From: Iron Kingdom: The Rise and Downfall of Prussia, 1600-1947, by Christopher Clark (Penguin, 2007), Kindle Loc. 9771-9814 (pp. 518ff):
Who was Otto von Bismarck? Let us begin with a letter he wrote in the spring of 1834, when he was just nineteen years old. His school-leaving certificate had been delayed; as a result, doubts arose about whether he would be able to matriculate in the University of Berlin. In this transitional moment, forced into idleness and full of uncertainty about what the future held, the young Bismarck was moved to reflect on what would become of him if he failed to gain entry to university. From the family estate at Kniephof he penned the following lines to his school friend Scharlach:
I shall amuse myself for a few years waving a sword at raw recruits, then take a wife, beget children, till the soil and undermine the morals of my peasantry by the inordinate distillation of spirits. So, if in 10 years’ time you should happen to find yourself in the neighbourhood, I invite you to commit adultery with an easy and curvaceous young woman selected from the estate, to drink as much potato brandy as you fancy and to break your neck out hunting as often as you see fit. You will find here a fleshy home-guard officer with a moustache that curses and swears till the earth trembles, cultivates a proper repugnance to Jews and Frenchmen, and thrashes his dogs and domestics with egregious brutality when bullied by his wife. I shall wear leather trousers, make a fool of myself at the Stettin wool market and when people address me as baron I shall stroke my moustache benignly and knock a bit off the price; I shall get pissed on the king’s birthday and cheer him vociferously and the rest of the time I shall sound off regularly and my every other word will be: ‘Gad what a splendid horse!’
This letter is worth citing at such length because it demonstrates how much ironic distance there was in the young Bismarck’s perception of his own social milieu – the milieu of the East-Elbian Junkers. Bismarck often liked to play the part of the red-necked Krautjunker of the Prussian boondocks, but in reality he was a rather untypical example of the type. His father was the real thing: he was descended from five centuries of noble East-Elbian landowners. But his mother’s family carried the imprint of a different tradition. Bismarck’s mother, Wilhelmine Mencken, was the descendant of an academic family from Leipzig in Saxony. Her grandfather had been a professor of law who entered the employ of the Prussian state to serve as cabinet secretary under Frederick the Great.
It was Wilhelmine Mencken who made the key educational decisions for her sons; Bismarck consequently received a rather uncharacteristic upbringing for a member of his class: he began, not with Cadet School, but with a classic bourgeois education as a boarder at the Plammann Institute in Berlin – a school for the sons of senior civil servants. From there he progressed to the Friedrich Wilhelm Gymnasium, and later to the universities of Göttingen (1832–3) and Berlin (1834–5). There followed a four-year period of civil service training in Aachen and Potsdam. Bored by the monotony and the lack of personal autonomy that were the hallmarks of civil service training, young Otto retired, to the astonishment and dismay of his family, to work on his own estate at Kniephof, where he stayed from 1839 to 1845. During this long interlude, he played the Junker in heroic style; these were years of heavy eating and drinking, with epic breakfasts of meat and ale. And yet a closer examination of life at home with Otto von Bismarck reveals some thoroughly unjunkerly pursuits, such as wide reading in the works of Hegel, Spinoza, Bauer, Feuerbach and Strauss.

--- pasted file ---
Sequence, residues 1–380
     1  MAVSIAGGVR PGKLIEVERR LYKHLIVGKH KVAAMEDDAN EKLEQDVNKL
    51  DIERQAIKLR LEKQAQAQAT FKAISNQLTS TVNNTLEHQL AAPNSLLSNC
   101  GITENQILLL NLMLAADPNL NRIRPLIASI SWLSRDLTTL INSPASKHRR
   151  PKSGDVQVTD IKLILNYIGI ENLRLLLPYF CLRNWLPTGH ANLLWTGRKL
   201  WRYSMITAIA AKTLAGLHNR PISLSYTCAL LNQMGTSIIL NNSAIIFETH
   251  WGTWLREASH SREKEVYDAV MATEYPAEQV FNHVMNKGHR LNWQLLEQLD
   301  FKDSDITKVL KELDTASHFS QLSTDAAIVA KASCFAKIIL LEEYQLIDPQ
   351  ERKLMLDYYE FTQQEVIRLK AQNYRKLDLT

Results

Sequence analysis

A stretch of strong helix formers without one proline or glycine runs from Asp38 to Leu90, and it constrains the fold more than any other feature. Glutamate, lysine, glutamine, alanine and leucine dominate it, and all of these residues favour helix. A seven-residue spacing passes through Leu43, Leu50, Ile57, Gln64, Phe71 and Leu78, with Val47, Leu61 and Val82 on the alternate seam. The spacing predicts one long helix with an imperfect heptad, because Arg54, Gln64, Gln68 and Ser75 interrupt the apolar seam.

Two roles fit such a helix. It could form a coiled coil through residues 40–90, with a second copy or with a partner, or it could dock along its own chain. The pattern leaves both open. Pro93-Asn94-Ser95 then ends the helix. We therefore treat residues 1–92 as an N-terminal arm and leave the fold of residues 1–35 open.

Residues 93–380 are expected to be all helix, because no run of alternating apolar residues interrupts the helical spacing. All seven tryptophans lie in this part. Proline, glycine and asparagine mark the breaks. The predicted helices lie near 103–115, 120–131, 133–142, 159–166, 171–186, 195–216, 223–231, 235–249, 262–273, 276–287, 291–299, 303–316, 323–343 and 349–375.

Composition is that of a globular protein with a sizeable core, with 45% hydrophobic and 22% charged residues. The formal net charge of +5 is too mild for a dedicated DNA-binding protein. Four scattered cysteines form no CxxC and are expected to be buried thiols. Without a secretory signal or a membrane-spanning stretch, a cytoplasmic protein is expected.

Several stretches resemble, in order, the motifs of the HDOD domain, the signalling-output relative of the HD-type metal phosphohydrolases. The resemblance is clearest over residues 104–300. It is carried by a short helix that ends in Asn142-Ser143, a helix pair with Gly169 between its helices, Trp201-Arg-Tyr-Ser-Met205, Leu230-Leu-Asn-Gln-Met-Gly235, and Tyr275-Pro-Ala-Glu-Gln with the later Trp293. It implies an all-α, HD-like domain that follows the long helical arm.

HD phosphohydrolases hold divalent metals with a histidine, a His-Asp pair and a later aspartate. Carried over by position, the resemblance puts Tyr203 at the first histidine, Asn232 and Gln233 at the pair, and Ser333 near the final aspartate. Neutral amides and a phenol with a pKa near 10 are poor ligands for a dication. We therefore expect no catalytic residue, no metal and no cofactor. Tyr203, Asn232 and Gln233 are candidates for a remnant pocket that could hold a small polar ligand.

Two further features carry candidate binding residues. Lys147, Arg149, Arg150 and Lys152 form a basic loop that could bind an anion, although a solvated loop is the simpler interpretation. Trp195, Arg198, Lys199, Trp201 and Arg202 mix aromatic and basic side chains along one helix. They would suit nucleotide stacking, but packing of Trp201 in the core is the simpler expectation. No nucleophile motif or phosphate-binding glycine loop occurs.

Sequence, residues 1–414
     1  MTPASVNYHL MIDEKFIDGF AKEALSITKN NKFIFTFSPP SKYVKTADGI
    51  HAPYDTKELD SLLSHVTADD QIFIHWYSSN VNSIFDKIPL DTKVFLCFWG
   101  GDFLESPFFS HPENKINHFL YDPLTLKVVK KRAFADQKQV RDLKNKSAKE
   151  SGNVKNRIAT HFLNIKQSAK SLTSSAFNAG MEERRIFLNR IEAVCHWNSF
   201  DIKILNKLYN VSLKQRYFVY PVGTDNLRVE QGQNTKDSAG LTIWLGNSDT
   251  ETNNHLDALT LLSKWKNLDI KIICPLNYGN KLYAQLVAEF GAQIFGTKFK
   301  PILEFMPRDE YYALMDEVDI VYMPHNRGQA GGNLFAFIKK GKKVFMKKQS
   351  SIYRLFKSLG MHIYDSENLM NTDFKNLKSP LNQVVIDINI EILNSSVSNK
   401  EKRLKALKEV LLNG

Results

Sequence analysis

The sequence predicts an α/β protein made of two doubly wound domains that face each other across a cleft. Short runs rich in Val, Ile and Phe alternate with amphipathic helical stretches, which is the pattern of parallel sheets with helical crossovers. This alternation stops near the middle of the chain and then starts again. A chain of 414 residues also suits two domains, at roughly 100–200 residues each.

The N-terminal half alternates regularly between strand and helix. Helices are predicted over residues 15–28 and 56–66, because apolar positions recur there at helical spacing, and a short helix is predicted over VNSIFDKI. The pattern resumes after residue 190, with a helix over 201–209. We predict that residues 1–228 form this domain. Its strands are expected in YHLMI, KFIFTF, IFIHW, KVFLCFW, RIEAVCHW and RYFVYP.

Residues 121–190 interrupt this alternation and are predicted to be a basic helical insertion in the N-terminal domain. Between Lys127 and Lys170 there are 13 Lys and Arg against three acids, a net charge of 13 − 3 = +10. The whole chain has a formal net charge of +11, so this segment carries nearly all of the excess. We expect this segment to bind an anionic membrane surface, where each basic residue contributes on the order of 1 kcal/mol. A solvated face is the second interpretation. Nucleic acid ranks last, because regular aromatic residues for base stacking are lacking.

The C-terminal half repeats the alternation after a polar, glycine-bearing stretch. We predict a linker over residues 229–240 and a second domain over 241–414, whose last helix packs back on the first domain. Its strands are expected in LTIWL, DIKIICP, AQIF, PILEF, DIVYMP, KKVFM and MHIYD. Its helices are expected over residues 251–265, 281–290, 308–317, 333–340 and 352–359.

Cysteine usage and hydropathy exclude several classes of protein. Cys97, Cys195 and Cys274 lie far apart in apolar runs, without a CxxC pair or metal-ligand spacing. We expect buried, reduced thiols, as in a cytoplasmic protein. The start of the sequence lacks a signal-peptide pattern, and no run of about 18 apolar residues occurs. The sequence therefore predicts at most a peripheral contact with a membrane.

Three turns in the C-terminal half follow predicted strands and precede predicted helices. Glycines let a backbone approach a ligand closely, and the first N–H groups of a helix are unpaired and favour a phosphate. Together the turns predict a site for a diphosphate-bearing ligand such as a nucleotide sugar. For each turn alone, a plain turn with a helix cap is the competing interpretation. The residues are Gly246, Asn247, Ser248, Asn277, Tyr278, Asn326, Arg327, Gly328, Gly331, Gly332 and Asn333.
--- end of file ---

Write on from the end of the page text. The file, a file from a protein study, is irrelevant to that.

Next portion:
These observations suggest themes that are important to an understanding of Bismarck’s political life. His background and attitude help to explain the fractured relationship between Bismarck and the conservatives who were – in their own eyes at least – the natural representatives of the landed aristocracy. Bismarck was never really one of them, and they, sensing this, never really trusted him. He never shared the corporatism of the Old Conservatives; he had never been attracted to a world-view that saw the Junker interest as pitted in corporate solidarity against the state. He had little interest in championing the rights of the locality and the province against the claims of the central authority; he did not see revolution and the reforming state as two faces of the same satanic conspiracy against the natural historic order. On the contrary, Bismarck’s remarks on politics and history were always informed by a deep respect for – and even at times a crude glorification of – the absolutist state, and above all of its capacity for autonomous action. ‘When Prussia was invoked in his speeches, it was the Prussia of the Great Elector and of Frederick, never the backward-looking utopia of the corporative state that put a curb on absolutism.’
Like his maternal ancestors, Bismarck would seek his fulfilment as an adult in service to the state. But he would serve the state without being a servant. The link to the Estate was not in itself a destiny – it was too narrow and boring for that – but it represented an assurance of independence. The tie to the Estate, with the sense of mastery and separateness that it brought, was a fundamental strut in Bismarck’s concept of personal autonomy – as he explained in a letter to his cousin at the age of twenty-three, a man who aspired to play a role in public life must ‘carry over into the public sphere the autonomy of private life’. His concept of that autonomy of private life was emphatically not bourgeois; it derived from the social world of the landed estate, whose lord is responsible to none but himself.